Imbolc (“IM-mbolg”) is celebrated on the eve of February 1, halfway between the Winter Solstice and the Spring Equinox. “Imbolc” is derived from i mbolg, an Irish Gaelic term meaning “in the belly” and is sometimes named Oimelc (“ewe’s milk”). This Major Sabbat marks the beginning of the Celtic Spring. This is a time for acknowledging the Deities associated with fire and for cleaning the home.
Imbolc is mentioned in some of the earliest Irish literature and there is evidence it has been an important date since ancient times. It was originally a Pagan festival associated with the goddess Brighid and was later Christianized as a festival for Saint Brigid. For the Celts, Imbolc was symbolized with fire, and this was a time for processions with candles to honor to the Triple Goddess Brighid. Brighid’s Crosses were made and a doll-like figure, called a Brídeóg (“Young Brighid”), would be paraded from house-to-house. Brighid was said to visit one’s home at Imbolc. To receive her blessings, people would make a bed for Brighid and leave her food and drink, while items of clothing would be left outside for her to bless. Brighid was also invoked to protect homes and livestock. Special feasts were had, holy wells were visited and it was also a time for purification and spring cleaning. Weather divination was performed by the Celts with the help of a hedgehog to know if winter was to end before April. The Gaulish celebrated during a feast called Usmolgos/Ambivolcios in honor of Brigantia.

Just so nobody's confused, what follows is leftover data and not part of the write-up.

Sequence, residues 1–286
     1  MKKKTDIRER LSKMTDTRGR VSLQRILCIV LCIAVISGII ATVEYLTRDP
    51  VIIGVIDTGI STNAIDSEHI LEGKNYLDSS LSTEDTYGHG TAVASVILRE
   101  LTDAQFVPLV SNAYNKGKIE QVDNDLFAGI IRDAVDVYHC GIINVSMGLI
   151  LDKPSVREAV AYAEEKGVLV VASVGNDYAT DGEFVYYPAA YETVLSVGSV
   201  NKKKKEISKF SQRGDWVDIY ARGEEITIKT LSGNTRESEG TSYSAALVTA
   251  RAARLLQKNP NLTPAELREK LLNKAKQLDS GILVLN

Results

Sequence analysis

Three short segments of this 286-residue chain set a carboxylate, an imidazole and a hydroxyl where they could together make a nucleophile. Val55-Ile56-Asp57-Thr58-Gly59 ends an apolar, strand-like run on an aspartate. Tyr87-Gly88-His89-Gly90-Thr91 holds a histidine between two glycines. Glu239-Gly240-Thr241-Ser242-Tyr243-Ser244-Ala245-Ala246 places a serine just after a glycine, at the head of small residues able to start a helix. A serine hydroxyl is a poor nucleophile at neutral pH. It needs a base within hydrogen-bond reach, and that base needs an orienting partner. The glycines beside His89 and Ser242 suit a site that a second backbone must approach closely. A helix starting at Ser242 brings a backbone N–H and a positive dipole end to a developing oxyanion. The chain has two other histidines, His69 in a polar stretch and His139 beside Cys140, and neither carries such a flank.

Like many modern Pagans, I always do a spring cleaning during Imbolc’s eve. I never tried to use straw or rushes to create dolls and Brighid’s Crosses to protect my home, but it is in my future plans. An Imbolc tradition involves placing a lighted candle in each and every window (or every room) of the house, beginning at sundown, and allowing them to continue burning until sunrise in honor of Brighid. I do have many candles lit during Imbolc, but not in every room. I like to make my own candles during this time of the year and I always use beeswax or soy wax, as they are the most ecological waxes that I can find in store for this crafting project.
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